Sunday, April 11, 2010

Perfectly At Home

Everyone was home yesterday. Not necessarily in the home.
Betty, get out of there.

Thank you.
Everyone was home yesterday, and for most of the day we were working and playing outside. And I think it was the combination of work and play that made the day feel pretty nearly perfect.

From the rose bed...

... where blooms are waking,

... to the orchard where the trees are taking root and giving fruit,

... I am beginning to see signs that we are settling in to our home. I see familiar touches, and I feel the comforting sense of belonging. We are claiming walls, filling drawers, spreading out, playing, making our marks. It feels so very good.

The traffic is our own, and so are the lines on the ground. Bike races, hopscotch, tic-tac-toe, plucking blossoms, running barefoot, chatting over the neighbor's fence, spotting birds, putting tools away... it's like untying knots, unraveling tension that has been building up, and letting it go. Little by little, finally letting it go.

So the day was full. Full of productive work, full of games and laughter, full of deep thoughts and other musings, and full of delightful nothingness.

Everyone did their own thing. Coming and going.

They can be elusive... the words that describe my happiness for feeling perfectly at home. The feelings are wonderful.

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Friday, April 09, 2010

Bliss in the Weeds

Besides earthquakes and aftershocks, something else has been going on in So Cal... we've been blessed with amazing weather. Almost summer-like, almost late summer-like, which is when it tends to be even better than the month of gloom we have in June. We've been making mint tea, and minding the rose buds, watering our orchard, taking dinner outdoors, and soaking up the beauty in the breeze.

Even the weeds look verdant and good, although on closer inspection I can see we are going to be plagued with stickers if I don't selectively yank the offenders. Betty surveys the land, and she is glad. This is spring, she declares. This is Betty season.

Up close I notice the stickers, and closer still... I see the lady bug beetles. Loads and loads of scurrying red beetles, and black dotties on red beetles. Eating the aphids beetles. Darling and good, lady bug beetles.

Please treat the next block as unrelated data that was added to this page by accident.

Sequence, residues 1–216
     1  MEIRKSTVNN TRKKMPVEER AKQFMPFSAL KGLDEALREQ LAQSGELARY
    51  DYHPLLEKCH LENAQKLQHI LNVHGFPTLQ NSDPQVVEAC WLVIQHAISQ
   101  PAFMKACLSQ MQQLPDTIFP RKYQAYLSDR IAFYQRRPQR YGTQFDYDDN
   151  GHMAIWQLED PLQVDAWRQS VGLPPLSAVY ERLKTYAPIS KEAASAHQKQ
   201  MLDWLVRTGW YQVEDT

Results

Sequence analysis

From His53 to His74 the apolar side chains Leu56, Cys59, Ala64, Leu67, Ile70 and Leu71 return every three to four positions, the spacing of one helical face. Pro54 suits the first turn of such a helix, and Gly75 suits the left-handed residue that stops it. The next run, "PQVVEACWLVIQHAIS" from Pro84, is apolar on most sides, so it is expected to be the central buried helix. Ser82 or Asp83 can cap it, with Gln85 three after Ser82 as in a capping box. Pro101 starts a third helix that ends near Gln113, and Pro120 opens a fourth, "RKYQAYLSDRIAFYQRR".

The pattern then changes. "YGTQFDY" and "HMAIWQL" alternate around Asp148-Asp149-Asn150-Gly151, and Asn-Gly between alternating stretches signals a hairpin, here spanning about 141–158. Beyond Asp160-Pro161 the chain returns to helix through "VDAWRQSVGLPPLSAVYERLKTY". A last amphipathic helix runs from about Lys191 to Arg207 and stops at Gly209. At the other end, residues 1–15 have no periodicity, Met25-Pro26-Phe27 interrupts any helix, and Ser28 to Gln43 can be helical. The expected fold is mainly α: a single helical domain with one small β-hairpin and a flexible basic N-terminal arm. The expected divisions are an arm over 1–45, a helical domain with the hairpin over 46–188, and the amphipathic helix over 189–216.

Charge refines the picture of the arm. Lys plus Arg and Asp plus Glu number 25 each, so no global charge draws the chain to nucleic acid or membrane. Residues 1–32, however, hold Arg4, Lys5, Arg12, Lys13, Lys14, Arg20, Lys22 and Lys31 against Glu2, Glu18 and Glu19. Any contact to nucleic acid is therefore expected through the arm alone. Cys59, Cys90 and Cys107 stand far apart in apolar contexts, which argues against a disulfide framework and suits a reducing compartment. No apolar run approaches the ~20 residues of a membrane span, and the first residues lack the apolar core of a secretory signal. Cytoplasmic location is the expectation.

And baby ladies. Baby beetles. Did you know? Some people don't recognize these reticular little bugs as ladybug larvae. Now you understand why I am delaying the weed pulling party. I love pulling weeds. Honestly. I would gladly pull weeds in my yard, than get my nails done. There are lots of things I would rather do than get my nails done. But still. I get lost in happy garden bliss when I am pulling weeds. When I get around to it, I will be very courteous of the ladies.

Betty, are you courteous of the Lady Beetles?

Yes, Betty and the Lady Beetles are neighbors, and friends.
O, Betty, eres bellisima. Chica-chica.

So, with the children home from school, and the sun shining, I am blissfully sitting amongst the weeds. Counting hummingbirds and dreaming of figs. The lady bugs are traveling up and down the highway of stalks and leaves. Maria digs holes. Alex builds a windmill. William watches, and chats. Max reads The Hobbit, again. Geoff makes garage progress. And slowly the sun slips west.

Stickers are inevitable, as is the return of school.

Happiness can be so fragile. Fortunately it is also abundant, and easily nurtured.

I like to pause, to recognize happiness, and the pleasure it gives... before the memory flies away.

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Wednesday, April 07, 2010

Home Again

Everyone has heard the marketing quip... What happens in Vegas, stays in Vegas.
Well, it's a lie! A smelly, dirty lie. Okay, so the "smelly dirty" part is in the washer, but I am still disillusioned.
We came home with three loads of spirited laundry. Something that smells of fear, and cheer, anticipation, and earthquake-road trip survival... and none of it stayed in Vegas, baby. It's all in my laundry room.

Fortunately, before I was up to my nostrils in Vegas memories, we had the most amazing and comforting welcome home, Happy Easter ever. We drove west Sunday morning, and it was a doozy. The five 6 hour drive was plagued with high winds, and closed restaurants, then an earthquake... which, to be honest, we did not notice traveling at 67 mph in wind gusts, but still! Were we ever whooped.

But, the Bird House was open, and Ruth was in the kitchen filling the air with fragrant aromas. Holly and Rich were ahem... The Easter Bunny had just left, and eggs were hidden all over the backyard.